thyssenkrupp is an industry pioneer and world leader in the manufacture of stackers, drum reclaimers and other stockyard machines. Moving with the Industry 4.0 tide, the global engineering specialist has introduced new technology that improves stacker efficiency and performance.
thyssenkrupp stackers are responsible for stockpiling an extensive range of materials at mines, quarries and ports across the African continent. The company recently delivered a locally designed and manufactured 2000tph, 100m long (including the tripper), 300t stacker to a coal mine operating in South Africa’s Waterberg region.
“We have invested substantially in our stacker design to ultimately provide cost and time saving benefits to our customers across Sub-Sahara Africa,” notes Jacques Steyn, General Manager: Materials Handling at thyssenkrupp Industrial Solutions Africa. thyssenkrupp locally designs and builds stackers with capacities from 50 to 20,000tph, in boom lengths from 10m to 65m and in an assortment of shapes and sizes such as fixed, travelling, luffing, slewing as well as a combination of the aforementioned. The company also offers customised stacker solutions to customer specifications. “Local design, manufacture and customisation illustrate thyssenkrupp’s commitment to providing customers with best-in-class products in the shortest turnaround time.
Steyn observes that stackers play a pivotal role in continuous stacking processes with stacking critical for efficient reclaiming and homogenous blending. “The basic operation of these machines and the mechanics of stacking and reclaiming have not changed significantly over the past 5 decades. However, with the advent of the digital age, manual control systems have given way to automation and most modern stackers are fully or semi-automated.”
Machines are now controlled from remote on- and off-site offices. Changes are also seen in the way in which information is fed to and from the equipment. Automation of the entire process provides stockyard managers with vital information such as knowing exactly where the stackers and/or reclaimers are, how they move, what quality and quantity of material they are processing as well as the grade of material that is being conveyed. The availability of this massive amount of data allows for a completely automated stockyard system which results in better planning and consequently a more efficient plant.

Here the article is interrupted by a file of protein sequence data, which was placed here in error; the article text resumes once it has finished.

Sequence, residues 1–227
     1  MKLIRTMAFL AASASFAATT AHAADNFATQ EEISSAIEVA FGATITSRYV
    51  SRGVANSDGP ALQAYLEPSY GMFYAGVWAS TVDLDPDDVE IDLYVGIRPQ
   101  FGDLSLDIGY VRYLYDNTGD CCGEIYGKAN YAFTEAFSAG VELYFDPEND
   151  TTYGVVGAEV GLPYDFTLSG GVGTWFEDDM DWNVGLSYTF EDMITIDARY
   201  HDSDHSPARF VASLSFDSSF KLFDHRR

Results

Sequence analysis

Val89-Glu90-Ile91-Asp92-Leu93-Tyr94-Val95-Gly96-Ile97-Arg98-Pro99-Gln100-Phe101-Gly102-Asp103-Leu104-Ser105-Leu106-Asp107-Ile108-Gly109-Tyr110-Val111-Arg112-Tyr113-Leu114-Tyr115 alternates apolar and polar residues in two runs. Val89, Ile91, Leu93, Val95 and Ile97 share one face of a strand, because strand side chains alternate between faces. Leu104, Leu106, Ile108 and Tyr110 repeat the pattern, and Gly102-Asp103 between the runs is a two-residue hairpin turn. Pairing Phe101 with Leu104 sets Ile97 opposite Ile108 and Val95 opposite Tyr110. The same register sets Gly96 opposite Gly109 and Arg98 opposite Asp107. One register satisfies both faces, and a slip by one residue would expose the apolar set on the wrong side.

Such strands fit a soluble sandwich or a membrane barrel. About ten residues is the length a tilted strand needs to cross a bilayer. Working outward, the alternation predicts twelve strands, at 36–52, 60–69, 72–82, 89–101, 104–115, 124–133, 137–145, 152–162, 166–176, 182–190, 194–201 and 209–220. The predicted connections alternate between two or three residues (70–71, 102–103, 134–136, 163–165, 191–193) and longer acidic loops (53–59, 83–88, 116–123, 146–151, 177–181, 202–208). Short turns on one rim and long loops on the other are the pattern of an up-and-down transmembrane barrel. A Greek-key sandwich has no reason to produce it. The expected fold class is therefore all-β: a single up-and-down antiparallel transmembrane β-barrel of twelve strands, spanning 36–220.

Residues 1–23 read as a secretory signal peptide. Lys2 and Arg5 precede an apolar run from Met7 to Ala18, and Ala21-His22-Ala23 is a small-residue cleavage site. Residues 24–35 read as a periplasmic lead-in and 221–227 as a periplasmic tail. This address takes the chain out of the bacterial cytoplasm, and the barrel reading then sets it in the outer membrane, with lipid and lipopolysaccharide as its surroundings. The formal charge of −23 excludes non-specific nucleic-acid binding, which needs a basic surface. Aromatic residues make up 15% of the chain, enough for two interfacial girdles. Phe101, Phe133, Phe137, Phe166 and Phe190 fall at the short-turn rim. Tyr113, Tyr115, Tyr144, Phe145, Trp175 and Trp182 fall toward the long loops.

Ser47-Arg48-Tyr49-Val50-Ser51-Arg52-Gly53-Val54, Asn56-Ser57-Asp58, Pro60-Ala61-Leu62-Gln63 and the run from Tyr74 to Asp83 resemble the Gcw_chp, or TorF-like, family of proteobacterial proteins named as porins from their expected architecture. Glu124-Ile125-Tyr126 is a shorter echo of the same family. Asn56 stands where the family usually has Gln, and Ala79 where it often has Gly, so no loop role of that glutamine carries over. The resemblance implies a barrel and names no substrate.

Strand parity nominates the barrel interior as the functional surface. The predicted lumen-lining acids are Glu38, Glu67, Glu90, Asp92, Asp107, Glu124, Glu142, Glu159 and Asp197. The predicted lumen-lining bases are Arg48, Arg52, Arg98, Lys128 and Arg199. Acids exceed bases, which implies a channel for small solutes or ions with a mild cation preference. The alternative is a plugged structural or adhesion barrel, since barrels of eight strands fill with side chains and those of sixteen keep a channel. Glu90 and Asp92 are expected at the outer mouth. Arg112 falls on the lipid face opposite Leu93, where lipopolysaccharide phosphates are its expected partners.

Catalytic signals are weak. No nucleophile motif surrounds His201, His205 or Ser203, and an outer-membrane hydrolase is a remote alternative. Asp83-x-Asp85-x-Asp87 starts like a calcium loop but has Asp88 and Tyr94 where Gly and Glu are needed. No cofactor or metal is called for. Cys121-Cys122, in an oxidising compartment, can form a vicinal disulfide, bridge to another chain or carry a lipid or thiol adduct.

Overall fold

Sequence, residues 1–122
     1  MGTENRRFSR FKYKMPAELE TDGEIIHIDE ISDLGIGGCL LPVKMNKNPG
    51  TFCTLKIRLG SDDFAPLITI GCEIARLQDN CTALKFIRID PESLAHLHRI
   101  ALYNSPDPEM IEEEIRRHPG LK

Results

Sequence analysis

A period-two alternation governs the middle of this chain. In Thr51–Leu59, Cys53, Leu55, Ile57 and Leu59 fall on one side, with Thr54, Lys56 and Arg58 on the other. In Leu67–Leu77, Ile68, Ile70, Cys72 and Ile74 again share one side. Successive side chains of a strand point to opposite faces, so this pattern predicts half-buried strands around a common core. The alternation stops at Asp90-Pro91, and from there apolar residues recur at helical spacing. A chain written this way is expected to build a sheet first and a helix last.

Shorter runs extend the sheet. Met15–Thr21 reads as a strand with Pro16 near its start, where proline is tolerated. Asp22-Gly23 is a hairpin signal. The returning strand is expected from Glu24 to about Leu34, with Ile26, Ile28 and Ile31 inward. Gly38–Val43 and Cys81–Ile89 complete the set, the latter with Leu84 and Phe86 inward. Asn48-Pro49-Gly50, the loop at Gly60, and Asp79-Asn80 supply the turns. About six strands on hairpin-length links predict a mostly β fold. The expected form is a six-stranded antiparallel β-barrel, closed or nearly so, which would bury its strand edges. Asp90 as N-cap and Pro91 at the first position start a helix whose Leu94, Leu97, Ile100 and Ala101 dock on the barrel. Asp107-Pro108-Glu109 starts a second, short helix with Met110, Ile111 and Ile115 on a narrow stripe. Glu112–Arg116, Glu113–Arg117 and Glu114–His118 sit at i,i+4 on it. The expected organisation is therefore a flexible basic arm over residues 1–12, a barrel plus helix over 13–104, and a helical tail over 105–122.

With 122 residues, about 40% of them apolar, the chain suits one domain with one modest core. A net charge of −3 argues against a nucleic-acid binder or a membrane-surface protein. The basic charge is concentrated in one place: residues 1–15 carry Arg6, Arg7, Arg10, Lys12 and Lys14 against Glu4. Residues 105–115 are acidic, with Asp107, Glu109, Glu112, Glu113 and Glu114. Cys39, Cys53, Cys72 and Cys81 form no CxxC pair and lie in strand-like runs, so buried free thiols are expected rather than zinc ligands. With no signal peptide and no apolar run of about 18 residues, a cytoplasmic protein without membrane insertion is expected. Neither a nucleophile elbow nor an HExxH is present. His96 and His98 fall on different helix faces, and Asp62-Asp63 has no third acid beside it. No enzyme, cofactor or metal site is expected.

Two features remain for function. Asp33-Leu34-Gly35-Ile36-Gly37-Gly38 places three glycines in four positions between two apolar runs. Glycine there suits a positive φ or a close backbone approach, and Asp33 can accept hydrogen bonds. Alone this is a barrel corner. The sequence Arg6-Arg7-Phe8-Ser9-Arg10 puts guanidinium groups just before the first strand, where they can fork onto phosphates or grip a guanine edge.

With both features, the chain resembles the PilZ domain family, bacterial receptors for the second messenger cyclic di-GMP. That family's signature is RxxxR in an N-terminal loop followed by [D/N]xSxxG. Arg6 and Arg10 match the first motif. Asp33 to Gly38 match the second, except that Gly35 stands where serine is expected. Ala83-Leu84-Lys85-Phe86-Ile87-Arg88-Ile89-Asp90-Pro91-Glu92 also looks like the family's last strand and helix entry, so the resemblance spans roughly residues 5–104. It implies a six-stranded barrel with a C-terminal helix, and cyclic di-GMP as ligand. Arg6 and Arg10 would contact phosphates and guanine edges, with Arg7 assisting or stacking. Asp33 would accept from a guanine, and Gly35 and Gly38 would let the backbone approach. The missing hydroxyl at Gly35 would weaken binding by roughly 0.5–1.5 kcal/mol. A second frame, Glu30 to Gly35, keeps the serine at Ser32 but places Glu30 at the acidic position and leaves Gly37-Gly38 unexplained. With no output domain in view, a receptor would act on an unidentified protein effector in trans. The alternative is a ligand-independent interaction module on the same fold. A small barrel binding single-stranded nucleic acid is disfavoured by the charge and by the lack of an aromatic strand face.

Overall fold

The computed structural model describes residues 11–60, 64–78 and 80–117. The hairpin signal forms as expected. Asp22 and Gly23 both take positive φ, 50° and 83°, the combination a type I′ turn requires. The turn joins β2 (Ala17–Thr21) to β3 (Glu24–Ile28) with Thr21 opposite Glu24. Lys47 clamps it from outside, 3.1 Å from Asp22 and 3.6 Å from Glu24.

“We have designed and developed online analysers that provide analytical process controls for
stockyard blending and homogenisation as well as scientific control of mineralogy of stockpiles,”
shares Steyn. Through online analysis, the presence and amount of a large number of different
elements can be determined, eliminating the need for taking samples to the laboratory thus saving
time and costs. Using this information as input, the thyssenkrupp stacker and stockyard management system achieves an optimal blend of mineral stockpiles and subsequently ensures a constant mineralogy feed to process plants.
Stackers are normally designed for the life of mine but Steyn points to the importance of general maintenance to ensure that the machine remains in good working order to maximise its life cycle.
“If these machines are properly maintained, they will continue working for 40 years plus.” To assist customers in safeguarding the health of their stackers, thyssenkrupp offers best-in-class service which includes a structural inspection and analysis, an aspect often overlooked by customers who tend to focus on servicing easy-to-replace mechanical, hydraulic and electrical components. Steyn warns that failure of a stacker’s main structural component can result in protracted downtime and exorbitant repair or replacement costs, making regular inspections crucial.
In today’s global economy, improved productivity, production, efficiencies and safety are critical to operational survival of a mine or plant. Carbon emission management is another factor that no longer can be ignored. “Automation certainly ticks all these boxes,” says Steyn. “Operations are often daunted by the initial Capex involved in automating equipment but research shows that over the life of a mine or plant, automation maximises factors that contribute to profitability and minimises factors that drive up Opex, presenting a solid argument for investing in this technology.”
“These technological additions to our stackers place thyssenkrupp firmly in the digitalisation space and bring these machines into the modern age. There can be no doubt that stackers will continue to play a fundamental role in the future of modern mechanised and autonomous bulk materials handling, making a valuable contributing to an operation’s sustainability,” concludes Steyn.